After approval of the project application for funding, the Managing Authority concludes a legal act with the beneficiary of the subsidy. It specifies conditions for drawing the subsidy, including the method of financing the project. The scope of the documentation to be provided by successful applicants before signing the legal act differs for particular operational programs. These are mainly information concerning the bank account, indebtedness, or evidence of sufficient financial capacity, etc.

The most common way of paying grants for the implementation of social projects is in the form of advance payments, ex-ante, which the beneficiaries subsequently report to the relevant managing authority. The amount of the first advance payment varies across particular programs and calls. Most often it ranges between 30 and 40% of the total project costs. Further advance payments are granted on the basis of the actual costs incurred up to the total eligible costs of the project.

In rare cases, the ESF calls also include cases of ex-post financing, when applicants receive funding only after submitting interim reports on project implementation (the most common are six-month or shorter monitoring periods). These cases concerned, for example, corporate training projects for employees in MLSA calls, the costs of which were financed by simplified reporting.

Project costs are accounted for on an ongoing basis based on payment requests and regular project implementation reports. Applicants are obliged to submit a statement of the so-called direct costs, which is most often 75% of the budget, and to prove the realized expenditure by accounting documents, pay slips, bank account statements etc. The remaining costs are considered indirect costs and do not have to be reported by the applicants. Most often, these are overheads and costs spent on project management and administration.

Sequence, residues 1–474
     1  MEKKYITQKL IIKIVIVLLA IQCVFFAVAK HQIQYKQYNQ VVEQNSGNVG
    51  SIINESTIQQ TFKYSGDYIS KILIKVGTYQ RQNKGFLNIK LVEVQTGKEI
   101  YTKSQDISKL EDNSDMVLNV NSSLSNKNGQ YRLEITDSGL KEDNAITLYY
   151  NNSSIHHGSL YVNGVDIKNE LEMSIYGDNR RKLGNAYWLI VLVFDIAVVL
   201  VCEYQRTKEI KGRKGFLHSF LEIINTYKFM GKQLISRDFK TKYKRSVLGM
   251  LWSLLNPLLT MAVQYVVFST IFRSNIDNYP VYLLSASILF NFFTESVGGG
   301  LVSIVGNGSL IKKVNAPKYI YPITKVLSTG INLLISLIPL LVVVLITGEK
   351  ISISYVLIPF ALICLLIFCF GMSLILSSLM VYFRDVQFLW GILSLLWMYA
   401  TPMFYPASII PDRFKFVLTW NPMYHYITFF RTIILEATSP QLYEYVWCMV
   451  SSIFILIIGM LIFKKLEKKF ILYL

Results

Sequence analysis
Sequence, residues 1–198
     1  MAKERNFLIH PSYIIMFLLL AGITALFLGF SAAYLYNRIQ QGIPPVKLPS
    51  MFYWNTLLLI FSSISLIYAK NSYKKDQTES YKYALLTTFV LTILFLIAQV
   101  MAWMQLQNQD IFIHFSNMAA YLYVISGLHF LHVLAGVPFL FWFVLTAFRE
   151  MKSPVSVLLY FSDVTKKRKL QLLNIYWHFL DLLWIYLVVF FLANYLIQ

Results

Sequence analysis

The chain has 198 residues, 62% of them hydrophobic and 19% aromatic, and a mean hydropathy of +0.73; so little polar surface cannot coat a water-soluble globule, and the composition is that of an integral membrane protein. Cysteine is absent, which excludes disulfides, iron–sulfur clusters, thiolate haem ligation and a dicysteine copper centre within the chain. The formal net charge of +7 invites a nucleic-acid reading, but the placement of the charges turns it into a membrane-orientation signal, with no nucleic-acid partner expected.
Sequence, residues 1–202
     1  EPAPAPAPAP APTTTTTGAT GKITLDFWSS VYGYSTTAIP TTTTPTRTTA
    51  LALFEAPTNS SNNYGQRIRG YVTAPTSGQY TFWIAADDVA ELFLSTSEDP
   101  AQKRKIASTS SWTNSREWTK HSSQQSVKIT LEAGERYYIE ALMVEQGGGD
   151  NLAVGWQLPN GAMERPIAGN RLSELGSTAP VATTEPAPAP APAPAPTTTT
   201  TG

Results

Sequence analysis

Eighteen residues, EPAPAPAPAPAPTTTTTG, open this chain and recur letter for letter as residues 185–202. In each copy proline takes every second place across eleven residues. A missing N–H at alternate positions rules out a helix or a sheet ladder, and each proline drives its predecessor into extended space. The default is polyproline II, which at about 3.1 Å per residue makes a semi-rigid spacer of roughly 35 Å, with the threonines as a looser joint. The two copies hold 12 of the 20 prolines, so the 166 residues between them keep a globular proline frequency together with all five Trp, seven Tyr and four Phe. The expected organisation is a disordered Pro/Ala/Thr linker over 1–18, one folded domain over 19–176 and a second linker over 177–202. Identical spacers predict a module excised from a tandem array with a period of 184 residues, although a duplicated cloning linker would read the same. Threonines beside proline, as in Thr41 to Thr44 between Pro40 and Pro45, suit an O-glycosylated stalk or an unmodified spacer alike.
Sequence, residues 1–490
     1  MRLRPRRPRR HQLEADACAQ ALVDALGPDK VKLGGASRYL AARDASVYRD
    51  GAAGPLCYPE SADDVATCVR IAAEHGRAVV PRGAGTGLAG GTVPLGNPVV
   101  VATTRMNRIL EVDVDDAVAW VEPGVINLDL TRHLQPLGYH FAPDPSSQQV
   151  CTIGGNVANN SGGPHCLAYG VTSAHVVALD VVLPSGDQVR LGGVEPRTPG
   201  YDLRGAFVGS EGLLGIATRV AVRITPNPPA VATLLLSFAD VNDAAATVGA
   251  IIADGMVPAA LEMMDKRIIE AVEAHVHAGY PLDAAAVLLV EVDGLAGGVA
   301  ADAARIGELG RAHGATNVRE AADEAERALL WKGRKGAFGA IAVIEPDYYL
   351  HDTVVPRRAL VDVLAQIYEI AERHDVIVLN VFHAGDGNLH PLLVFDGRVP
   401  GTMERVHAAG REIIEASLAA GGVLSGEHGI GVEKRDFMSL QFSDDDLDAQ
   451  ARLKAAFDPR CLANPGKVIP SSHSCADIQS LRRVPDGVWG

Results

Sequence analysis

In less frequent cases, administration is simplified where the amount of aid is not determined on the basis of actual expenditure but on a flat-rate basis based on statistics and normal cost calculations and applicants do not have to provide evidence of expenditure.
Outlook for 2021-2027

The final framework of the new programming period is still in the negotiation phase. It will be influenced both by the political and economic development of the European Union and the Czech Republic. The European Commission’s interim proposal to finance projects from the European Social Fund amounts to EUR 2.74 billion. In the previous programming period (2014–2020), the allocation of ESF funds to support projects in the Czech Republic amounted to EUR 3.43 billion.

In the new period we should again meet similar operational programs, which are now managed by the MLSA and MEYS. Their announced focus largely thematically covers the areas supported also in the current period – support for education, social services, social inclusion, equal opportunities, etc. However, the rules for the payment of subsidies and the resulting amount of co-financing remain an open question.

(According to the most recent reports, the Minister of Finance Alena Schillerová asked for a thorough analysis of the possibilities of the beneficiaries. Subsequently, she plans to discuss prospective changes with representatives of other ministries.)

Author of the article
Zdeňka Havrlíková

Zdeňka is the founder of the social impact consultancy called AVITEUM. It helps organizations and individuals who strive to solve challenges in our society to turn their strategic visions into reality. AVITEUM focuses on grant writing, project management and strategic development of non-profit organizations and their capacity building.